……………..
 
10.  Corruption allegations are to be thoroughly investigated by the appropriate law enforcement agency in line with that agency’s policies and procedures.  Where the report involves or originates from another government agency, that agency should be represented as much as appropriate.
 
11. Specific corruption offences are found in the Crimes Act 1961 and the Secret Commissions Act 1910.
 
Communication
 
12. The SFO’s point of contact for referrals of bribery and corruption cases is the SFO Liaison Officer.  The SFO’s point of contact in regards to the joint assessment of reports is the General Manager Fraud Detection and Intelligence.
 
13.  Police’s point of contact for bribery and corruption cases is the Assistant Commissioner Investigations and International or his nominee.
______________________________________________________________________________
Lisa Prager and myself consider that the NZ Serious Fraud Office has not dealt with our ‘bribery and corruption’ complaint ( your reference: C 3592 ) against Auckland Mayor Len Brown and Sky City in the proper way, as outlined in the above-mentioned ‘Memorandum of Understanding between the Police and SFO’.
Our original complaint (dated 22 November 2013), was dealt with as a ‘serious and complex fraud’ complaint – when it was clearly a ‘bribery and corruption’ complaint.
It is our considered opinion, that  New Zealand urgently needs a genuinely ‘Independent Commission Against Corruption’, tasked with preventing corruption; carrying out anti-corruption educational activity, and detecting and investigating corruption cases.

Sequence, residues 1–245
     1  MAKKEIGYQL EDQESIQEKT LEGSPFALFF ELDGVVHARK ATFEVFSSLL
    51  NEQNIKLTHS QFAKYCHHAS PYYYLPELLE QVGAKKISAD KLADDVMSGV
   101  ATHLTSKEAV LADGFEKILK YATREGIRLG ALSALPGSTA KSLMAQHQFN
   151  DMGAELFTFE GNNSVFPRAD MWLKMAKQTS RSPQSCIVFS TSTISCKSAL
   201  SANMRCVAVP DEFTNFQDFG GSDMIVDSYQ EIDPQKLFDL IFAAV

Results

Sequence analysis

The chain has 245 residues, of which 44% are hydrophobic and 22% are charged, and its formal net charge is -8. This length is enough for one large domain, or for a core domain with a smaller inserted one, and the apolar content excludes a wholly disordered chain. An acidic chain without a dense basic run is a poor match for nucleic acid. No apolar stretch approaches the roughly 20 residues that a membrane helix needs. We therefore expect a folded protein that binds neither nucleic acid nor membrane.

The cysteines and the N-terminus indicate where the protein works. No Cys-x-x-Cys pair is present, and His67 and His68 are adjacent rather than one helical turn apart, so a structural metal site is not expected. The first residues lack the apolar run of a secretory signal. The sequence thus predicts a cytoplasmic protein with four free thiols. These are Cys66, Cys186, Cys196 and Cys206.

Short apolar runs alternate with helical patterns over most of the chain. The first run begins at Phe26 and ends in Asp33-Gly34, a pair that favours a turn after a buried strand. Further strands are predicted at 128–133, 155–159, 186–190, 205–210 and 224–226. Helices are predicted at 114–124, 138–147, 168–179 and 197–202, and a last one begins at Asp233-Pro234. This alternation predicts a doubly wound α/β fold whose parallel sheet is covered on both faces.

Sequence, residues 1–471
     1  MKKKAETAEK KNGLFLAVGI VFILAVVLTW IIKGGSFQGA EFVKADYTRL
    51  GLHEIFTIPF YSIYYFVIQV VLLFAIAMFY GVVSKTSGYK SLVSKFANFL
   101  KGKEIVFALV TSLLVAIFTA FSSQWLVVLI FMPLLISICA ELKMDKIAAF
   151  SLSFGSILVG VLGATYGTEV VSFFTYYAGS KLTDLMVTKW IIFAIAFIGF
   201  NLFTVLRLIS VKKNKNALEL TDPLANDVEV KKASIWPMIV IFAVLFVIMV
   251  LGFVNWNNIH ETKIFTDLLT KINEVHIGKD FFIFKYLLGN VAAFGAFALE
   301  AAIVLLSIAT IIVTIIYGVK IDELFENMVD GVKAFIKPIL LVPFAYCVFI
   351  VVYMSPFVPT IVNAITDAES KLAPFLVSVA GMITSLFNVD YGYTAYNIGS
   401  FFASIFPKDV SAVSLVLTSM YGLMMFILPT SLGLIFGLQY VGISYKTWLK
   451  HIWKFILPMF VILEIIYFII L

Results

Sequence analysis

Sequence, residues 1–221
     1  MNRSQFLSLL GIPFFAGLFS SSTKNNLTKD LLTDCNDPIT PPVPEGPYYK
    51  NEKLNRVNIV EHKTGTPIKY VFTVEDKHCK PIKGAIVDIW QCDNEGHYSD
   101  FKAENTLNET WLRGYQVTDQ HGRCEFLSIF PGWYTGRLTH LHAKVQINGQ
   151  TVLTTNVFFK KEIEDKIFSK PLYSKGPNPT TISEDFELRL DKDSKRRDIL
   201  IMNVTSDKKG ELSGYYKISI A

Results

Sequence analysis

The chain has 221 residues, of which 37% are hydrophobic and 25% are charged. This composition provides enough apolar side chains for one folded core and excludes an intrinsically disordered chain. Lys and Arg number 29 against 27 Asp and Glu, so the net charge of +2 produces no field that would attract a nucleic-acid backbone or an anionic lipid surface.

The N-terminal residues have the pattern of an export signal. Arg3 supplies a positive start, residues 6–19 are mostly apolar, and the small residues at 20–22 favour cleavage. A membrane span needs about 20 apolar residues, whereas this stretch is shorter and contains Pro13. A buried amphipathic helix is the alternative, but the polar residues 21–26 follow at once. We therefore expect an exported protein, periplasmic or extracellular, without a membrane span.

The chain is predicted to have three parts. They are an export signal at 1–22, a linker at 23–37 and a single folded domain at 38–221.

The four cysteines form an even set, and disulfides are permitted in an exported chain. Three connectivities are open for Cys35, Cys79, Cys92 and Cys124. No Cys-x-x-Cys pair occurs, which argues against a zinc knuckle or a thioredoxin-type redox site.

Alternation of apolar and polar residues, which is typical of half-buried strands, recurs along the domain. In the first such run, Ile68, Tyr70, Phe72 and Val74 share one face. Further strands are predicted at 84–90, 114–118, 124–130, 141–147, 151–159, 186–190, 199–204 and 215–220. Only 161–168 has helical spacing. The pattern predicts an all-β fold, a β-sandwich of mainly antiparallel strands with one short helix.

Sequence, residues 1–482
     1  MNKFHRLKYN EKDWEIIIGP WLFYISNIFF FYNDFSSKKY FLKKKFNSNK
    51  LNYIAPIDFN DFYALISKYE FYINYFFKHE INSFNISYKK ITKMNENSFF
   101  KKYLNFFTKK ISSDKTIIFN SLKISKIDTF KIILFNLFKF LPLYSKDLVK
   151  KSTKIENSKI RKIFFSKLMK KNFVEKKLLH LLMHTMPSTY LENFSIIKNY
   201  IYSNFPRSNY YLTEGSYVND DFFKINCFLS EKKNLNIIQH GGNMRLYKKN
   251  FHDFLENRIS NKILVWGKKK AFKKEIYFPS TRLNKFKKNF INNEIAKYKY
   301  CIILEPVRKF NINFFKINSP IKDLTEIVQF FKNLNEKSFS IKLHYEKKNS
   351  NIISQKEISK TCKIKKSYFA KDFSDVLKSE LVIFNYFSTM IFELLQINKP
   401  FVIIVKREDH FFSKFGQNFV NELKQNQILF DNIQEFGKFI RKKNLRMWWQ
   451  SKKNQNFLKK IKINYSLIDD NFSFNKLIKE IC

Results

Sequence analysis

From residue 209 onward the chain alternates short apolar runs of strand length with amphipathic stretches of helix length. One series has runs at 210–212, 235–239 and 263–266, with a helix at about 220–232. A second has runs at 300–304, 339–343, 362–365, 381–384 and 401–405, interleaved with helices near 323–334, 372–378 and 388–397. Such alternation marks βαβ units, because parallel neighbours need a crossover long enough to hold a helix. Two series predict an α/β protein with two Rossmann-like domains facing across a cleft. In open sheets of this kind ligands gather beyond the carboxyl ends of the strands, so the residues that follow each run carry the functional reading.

In the meantime, it appears that the NZ Serious Fraud Act 1990, needs urgent updating to incorporate the responsibilities for reporting, investigating and enforcing bribery and corruption offences, as outlined in the above-mentioned ‘Memorandum of Understanding between the Police and SFO, Schedule 6 – Bribery and Corruption’.
Please be advised of the imminent commencement of a private prosecution on this matter, where the filing of documents at the Auckland District Court, should proceed on Wednesday 15 January 2014.
Yours sincerely,
Penny Bright
 ……………..
……………..
Lisa Prager
……………..
___________________________________________________________
BACKGROUND CORRESPONDENCE:
13 January 2014
Julie Read
CEO/ Director
NZ Serious Fraud Office
Nick Paterson
General Manager
Fraud and Corruption
NZ Serious Fraud Office
‘Open Letter’